Midewin National Tallgrass Prairie
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  • 202 Early Farming on the Prairie

    Alvin & Robert's Uncle Burt spreading fertilizer.

    Robert tells about Blodgett Road.

    As you walk along the mowed path near the field to the north, consider some of the challenges to the early settlers as they attempted to farm the land. Sod busting, plowing through the deep rooted native plants, was nearly impossible until the advent of the self-scouring steel plow. Although John Deere is credited with this invention in 1837, a local man from Lockport, John Lane, had developed a similar plow in 1834. Mr. Deere obtained a patent on his invention. Mr. Lane did not.  


    The retreating glaciers of the last Ice Age, some 18,000 years ago, left a landscape of marshes, ponds and lowlands that often stayed wet well into the planting season. Farmers spent much time and effort digging ditches and laying field tile to drain their land to make it suitable for farming.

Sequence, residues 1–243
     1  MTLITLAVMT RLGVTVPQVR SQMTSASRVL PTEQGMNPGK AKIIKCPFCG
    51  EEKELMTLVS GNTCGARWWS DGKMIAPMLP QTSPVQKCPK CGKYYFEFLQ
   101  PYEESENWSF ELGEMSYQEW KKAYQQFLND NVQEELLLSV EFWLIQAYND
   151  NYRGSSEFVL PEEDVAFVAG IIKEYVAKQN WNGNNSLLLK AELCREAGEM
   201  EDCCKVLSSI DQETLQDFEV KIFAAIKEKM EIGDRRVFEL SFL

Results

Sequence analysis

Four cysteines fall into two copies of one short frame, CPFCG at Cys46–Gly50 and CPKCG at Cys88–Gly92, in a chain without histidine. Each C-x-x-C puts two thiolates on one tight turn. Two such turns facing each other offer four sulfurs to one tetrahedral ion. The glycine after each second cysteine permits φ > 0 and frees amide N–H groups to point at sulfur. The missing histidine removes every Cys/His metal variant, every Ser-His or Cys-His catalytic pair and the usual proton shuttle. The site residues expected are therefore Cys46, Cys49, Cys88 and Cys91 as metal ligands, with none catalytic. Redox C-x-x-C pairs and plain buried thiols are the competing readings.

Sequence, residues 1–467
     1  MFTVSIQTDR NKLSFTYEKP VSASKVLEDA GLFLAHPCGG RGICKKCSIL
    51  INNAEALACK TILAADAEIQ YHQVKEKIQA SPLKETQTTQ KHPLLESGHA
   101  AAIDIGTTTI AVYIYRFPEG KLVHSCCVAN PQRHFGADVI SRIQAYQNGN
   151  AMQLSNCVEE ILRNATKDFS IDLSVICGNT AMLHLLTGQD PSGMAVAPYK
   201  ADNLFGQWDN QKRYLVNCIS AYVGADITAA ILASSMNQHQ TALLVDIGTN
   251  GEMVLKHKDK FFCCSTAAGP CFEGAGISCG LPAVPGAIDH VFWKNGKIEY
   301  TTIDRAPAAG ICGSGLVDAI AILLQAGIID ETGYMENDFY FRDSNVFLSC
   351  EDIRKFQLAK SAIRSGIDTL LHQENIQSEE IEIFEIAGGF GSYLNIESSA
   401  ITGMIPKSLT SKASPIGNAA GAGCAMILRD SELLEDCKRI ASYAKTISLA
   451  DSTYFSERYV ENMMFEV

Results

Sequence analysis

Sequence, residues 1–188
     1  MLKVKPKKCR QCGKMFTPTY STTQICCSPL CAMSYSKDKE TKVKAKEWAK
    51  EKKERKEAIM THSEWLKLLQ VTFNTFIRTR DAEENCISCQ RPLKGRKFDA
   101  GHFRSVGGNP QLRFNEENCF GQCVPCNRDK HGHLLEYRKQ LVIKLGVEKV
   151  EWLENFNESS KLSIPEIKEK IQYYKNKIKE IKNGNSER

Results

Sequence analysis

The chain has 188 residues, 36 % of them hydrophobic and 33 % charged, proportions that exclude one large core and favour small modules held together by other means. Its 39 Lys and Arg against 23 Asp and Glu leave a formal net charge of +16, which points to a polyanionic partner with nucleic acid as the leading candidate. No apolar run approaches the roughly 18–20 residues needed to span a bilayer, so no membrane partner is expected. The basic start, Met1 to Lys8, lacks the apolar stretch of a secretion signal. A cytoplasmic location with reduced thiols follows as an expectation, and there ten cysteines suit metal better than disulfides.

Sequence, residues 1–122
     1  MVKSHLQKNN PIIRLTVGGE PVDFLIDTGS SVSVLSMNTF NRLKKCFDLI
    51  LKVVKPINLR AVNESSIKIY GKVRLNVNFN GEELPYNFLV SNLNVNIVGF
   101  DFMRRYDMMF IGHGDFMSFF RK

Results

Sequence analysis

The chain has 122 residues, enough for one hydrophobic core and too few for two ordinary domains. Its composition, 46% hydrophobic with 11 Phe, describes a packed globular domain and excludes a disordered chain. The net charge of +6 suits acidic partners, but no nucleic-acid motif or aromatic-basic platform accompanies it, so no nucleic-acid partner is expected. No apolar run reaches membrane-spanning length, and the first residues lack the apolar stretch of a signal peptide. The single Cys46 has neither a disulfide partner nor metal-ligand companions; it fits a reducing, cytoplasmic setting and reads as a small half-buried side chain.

Getting farm produced commodities to market in the early days was limited to what could be carried in a horse drawn wagon, until the completion of the I & M Canal in 1848 and the construction of the Chicago, Alton & St. Louis Railroad through the area in the summer of 1854. The rail bed of that line is still in use today.


    It lies on the opposite side of Illinois Route 53, which you can see by looking northwest across the field. Illinois Route 53 was previously the famous Route 66, but when it was constructed in this area in 1922, it was just called “the concrete road”. It provided even more transportation options. The section of the road between Joliet and Wilmington is on the National Register of Historic Places.

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    Continue on the path to sign #3. You are on old Blodgett Road, which was a main east/west road separating Florence Township to the south from Jackson Township to the north.